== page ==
An interview with curly girl Wanda Sykes
Earlier this week I had a candid chat with acclaimed actress, comedienne and writer Wanda Sykes. OMfrickingG! To be honest, I was nervous, geeked and utterly star struck. Before the interview I was attempting to implement what I teach my clients—thinking positive thoughts, practicing slow, diaphragmatic breathing and convincing myself that I was worthy of the coming experience.
I immediately felt relieved—her down-to-earth and approachable manner instantly put me at ease. She was amazingly personable. It was like talking to an old friend. And get this, she is a regular CurlyNikki.com reader thanks to her stylist Lisa Deveaux. She asked about Baby G before I could even ask my first question! My mind was totally blown. She opened the door and I walked right in… I had lots of questions—about her hair story, about her fave products, and about her participation in the campaign against gay bullying. Specifically what we, as a society, and on an individual level can do to help prevent it. Finally, we discussed how her journey to curl acceptance paralleled her coming out. The take-home message? Acceptance and tolerance. Be respectful of one another. Do you and let others be.
CN: What's your hair story?
I started getting perms back in junior high, mainly because I was tired of my mother burning my ears off with the hot comb. I permed all the way through college and much of my early career. While on the set of "Wanda at Large," they were using the curling iron on me just about every day. This, of course, resulted in damage, so I started getting extensions. Once they took the extensions out, my hair was worse off, so I said, you know, I'm just going to cut it, and go really short. That was just prior to "Wanda Does It." From there, my hair started growing out a little bit more, and I decided I was done with perms. They control your life, and honestly, especially when you're with somebody, you just don't feel sexy—you have to go to bed with your hair all wrapped up, and you're all crinkly in the shower with your plastic cap on. You go on vacation and people are like "hey, let's jump in the pool"…nope, can't jump in the pool. It was just so controlling and was one of the main reasons I cut it short and went natural.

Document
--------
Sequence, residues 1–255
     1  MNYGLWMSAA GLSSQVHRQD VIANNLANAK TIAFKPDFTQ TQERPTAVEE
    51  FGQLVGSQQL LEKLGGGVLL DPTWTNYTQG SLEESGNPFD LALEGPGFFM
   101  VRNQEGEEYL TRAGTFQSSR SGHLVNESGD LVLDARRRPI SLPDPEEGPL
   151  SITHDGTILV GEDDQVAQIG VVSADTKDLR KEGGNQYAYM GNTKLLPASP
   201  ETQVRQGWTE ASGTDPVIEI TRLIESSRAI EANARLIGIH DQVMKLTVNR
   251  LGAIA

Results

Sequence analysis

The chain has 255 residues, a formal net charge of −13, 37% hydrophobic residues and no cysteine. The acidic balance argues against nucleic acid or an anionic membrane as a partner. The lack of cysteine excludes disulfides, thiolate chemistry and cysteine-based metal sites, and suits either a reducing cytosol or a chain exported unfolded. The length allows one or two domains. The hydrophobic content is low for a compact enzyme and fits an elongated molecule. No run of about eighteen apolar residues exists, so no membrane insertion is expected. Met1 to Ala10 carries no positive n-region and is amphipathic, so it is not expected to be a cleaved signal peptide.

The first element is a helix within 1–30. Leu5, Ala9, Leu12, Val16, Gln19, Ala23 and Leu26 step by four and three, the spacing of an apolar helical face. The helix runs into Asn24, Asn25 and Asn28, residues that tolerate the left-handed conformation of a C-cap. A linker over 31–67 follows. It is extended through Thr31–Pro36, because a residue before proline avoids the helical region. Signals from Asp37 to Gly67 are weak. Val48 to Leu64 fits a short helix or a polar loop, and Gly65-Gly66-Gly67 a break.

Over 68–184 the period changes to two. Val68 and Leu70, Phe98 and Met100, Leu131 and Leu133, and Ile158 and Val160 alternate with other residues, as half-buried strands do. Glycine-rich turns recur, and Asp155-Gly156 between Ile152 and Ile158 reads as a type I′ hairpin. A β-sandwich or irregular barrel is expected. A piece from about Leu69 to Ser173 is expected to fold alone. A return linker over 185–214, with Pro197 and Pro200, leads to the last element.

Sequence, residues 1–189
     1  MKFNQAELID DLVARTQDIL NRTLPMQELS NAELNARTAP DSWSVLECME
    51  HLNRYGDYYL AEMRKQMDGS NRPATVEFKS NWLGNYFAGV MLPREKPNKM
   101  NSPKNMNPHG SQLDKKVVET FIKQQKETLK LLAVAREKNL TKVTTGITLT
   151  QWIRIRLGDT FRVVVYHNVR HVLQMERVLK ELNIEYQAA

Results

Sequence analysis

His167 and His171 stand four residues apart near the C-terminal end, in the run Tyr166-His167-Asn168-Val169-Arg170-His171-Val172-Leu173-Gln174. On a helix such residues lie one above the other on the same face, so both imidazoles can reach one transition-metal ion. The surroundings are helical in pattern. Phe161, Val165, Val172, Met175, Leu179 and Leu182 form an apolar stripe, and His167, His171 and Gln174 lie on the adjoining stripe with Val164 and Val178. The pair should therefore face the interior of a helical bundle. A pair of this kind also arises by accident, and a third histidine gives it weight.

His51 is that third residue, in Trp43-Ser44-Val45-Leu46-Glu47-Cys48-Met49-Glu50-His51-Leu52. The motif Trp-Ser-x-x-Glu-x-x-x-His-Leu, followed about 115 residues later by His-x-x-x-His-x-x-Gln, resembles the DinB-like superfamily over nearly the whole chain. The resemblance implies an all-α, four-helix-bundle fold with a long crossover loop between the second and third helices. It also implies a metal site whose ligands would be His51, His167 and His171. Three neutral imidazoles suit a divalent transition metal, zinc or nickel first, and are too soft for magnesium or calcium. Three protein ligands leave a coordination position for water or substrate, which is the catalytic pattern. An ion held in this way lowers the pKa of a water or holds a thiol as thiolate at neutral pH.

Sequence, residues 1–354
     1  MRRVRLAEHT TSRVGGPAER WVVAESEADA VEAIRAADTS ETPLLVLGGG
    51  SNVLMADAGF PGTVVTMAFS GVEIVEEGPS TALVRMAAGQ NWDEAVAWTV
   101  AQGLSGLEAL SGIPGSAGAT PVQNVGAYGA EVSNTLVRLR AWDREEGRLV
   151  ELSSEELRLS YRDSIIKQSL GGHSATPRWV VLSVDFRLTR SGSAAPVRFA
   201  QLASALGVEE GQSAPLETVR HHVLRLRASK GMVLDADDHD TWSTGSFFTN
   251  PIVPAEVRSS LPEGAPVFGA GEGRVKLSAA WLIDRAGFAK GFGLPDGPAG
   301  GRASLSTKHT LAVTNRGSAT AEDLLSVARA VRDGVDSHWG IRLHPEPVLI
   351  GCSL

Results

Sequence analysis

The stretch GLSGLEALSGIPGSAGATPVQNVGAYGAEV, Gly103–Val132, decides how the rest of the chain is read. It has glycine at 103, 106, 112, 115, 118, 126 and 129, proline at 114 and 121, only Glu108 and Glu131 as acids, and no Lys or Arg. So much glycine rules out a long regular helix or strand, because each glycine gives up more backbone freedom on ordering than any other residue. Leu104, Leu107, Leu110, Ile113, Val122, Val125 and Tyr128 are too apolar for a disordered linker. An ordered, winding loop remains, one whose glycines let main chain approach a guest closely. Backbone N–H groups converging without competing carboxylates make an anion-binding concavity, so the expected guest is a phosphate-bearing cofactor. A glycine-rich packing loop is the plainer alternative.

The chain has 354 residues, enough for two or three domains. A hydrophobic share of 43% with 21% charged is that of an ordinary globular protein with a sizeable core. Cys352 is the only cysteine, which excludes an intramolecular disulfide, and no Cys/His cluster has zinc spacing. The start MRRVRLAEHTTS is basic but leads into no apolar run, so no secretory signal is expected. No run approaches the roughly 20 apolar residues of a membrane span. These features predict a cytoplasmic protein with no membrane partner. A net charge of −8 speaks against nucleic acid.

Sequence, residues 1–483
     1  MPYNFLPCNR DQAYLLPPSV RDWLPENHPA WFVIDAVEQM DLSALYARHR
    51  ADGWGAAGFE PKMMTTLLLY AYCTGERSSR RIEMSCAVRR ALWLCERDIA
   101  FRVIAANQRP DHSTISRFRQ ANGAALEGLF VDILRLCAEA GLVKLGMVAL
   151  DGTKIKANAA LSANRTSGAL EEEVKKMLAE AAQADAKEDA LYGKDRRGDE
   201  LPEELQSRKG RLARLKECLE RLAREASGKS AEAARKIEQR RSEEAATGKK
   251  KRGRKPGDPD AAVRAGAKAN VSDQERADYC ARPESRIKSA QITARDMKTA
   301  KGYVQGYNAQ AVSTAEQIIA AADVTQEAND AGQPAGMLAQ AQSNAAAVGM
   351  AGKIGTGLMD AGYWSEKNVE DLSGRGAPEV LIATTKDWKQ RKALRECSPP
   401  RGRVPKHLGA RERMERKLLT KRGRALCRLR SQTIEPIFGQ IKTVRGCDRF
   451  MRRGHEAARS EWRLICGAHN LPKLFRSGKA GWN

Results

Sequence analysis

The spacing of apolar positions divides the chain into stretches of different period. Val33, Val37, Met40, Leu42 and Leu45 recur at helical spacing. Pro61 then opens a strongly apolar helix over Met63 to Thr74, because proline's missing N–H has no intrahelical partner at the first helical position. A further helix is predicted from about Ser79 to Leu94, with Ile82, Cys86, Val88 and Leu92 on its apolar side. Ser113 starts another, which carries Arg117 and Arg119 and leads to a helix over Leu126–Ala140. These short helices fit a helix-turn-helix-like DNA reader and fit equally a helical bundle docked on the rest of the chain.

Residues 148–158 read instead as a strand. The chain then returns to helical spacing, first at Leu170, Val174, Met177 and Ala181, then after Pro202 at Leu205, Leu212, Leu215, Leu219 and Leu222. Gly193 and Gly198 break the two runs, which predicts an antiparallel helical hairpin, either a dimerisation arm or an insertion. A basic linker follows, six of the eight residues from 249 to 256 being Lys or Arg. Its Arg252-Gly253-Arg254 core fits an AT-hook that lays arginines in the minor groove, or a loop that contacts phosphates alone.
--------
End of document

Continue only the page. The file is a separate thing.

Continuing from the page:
The other reason was because I had to have surgery. I had fibroid tumors. This was right after I did "Monster in Law"— I wore a little short wig on set. After getting out of the hospital, I was unable to make it to the salon for a while. I finally had to go in because they needed the press junket for the film. My roots had grown out considerably and my stylist told me that she could see a curl pattern. I said, okay, let's cut it off, skip the perm, and just see what it does.
I loved it short, it looked great, but I really started missing my length—I wanted to grow it back out. That's when all the drama started. We were coloring my tips to add dimension, and my hair would reach a certain length, start to frizz, break off, and I would have to cut it really short and start all over again. I went through three attempts of letting it grow but each time resulted in me having to shave my head and go back short. It was really frustrating, very hard on me and my wife, Alex. When I met her, I had already shaved it once. It was a little shorter than it is now—probably like 3 inches. My hair was breaking badly and it was time to cut again. She asked me not to because she liked the length. I explained that while I liked it longer too, I had no choice. So she went through two of the times I had to start from scratch.